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Experiences with some app promotion strategies

Buy my thingIn the dim and distant past, while in a moment of neglecting my PhD to work on the very first version of Loopy (which is now currently one of the most popular music apps on the iPad!), I had grand visions of an almost totally passive income, making apps. I love the creative initial product development process and, with naive optimism, I pictured pumping apps out and then sitting back and watching the money roll on in. Tim Ferriss’s 4-Hour Workweek had me enthusiastically lifestyle-designing and dreaming of all my free moneys.

I bet I’m not the only one, but of course reality struck and we realised that the App Store aint that kind of beast. Like any other product, an app needs to be actively presented to the world on a regular basis, and needs to be nurtured to keep it fresh and relevant.

I say “we” because at this point, my partner Katherine joined me after this particular revelation, and became A Tasty Pixel’s part-time marketing director and PR strategist — it’s taken two of us to keep A Tasty Pixel’s wheels turning smoothly, and we still have a lot to learn.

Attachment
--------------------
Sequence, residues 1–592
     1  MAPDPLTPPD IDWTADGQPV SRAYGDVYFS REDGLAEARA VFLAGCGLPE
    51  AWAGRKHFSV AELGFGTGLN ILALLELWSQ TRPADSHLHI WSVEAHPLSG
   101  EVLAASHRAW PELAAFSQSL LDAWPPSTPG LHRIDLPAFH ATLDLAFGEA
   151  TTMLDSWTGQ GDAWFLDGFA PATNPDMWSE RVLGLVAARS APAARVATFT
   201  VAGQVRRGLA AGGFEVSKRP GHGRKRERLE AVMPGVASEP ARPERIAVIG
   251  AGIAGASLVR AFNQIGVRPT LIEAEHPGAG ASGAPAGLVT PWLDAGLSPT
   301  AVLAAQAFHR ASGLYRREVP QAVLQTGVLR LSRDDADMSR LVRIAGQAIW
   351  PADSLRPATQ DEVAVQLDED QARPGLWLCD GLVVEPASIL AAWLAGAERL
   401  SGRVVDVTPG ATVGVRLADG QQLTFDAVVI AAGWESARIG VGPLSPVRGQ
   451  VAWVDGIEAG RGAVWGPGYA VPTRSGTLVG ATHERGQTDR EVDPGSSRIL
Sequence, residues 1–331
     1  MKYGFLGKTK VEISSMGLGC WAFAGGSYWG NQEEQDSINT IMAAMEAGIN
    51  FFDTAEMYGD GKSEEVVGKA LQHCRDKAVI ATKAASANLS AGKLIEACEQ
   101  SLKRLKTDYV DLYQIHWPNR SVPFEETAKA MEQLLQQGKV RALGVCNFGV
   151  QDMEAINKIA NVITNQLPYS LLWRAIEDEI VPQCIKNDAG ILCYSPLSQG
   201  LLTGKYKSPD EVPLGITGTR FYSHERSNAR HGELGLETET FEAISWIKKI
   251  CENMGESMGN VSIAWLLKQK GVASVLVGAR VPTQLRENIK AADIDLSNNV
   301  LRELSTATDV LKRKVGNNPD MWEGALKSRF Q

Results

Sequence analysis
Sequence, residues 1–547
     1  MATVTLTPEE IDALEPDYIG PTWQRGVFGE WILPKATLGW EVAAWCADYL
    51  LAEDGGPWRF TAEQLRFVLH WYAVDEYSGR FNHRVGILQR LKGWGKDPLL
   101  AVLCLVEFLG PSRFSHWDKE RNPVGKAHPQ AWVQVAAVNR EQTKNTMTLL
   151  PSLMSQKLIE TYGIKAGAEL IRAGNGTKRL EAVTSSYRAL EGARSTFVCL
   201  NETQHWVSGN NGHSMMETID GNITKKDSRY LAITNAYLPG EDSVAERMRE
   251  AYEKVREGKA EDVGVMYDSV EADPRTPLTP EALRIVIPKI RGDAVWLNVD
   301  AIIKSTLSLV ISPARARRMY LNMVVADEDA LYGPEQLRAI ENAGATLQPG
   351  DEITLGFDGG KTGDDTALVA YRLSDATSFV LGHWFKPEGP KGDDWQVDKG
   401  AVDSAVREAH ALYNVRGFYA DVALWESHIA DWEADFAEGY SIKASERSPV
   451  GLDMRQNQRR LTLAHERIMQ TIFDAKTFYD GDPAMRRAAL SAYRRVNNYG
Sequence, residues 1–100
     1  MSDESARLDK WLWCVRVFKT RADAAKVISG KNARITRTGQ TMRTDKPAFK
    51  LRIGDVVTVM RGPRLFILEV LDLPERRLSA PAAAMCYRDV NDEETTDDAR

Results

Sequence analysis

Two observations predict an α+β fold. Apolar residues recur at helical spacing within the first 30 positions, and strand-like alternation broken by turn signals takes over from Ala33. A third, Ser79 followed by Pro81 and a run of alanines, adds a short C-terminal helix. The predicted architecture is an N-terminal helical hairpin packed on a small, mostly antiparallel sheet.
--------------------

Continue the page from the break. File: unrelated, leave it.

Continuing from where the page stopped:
I thought I’d take a moment to reflect on some of the lessons we’ve learned in the past year, in which we’ve released a relatively successful travel planning and travel assistant app, The Cartographer, a very successful live looping app, Loopy, and its big brother Loopy HD, and tried a bunch of promotion strategies, some successful, some not, and some that haven’t yet run their course. Read More »

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Personalising AddThis’s Tweet Button

AddThis is a quite useful WordPress plugin for adding a host of sharing options to your blog posts.

By default, the “Tweet” button that AddThis provides will append “via @AddThis” to the end of tweets, which seems to me a little uncool, given that it’s your content.

So, here’s a little plugin that lets you specify your own Twitter account name instead of @AddThis.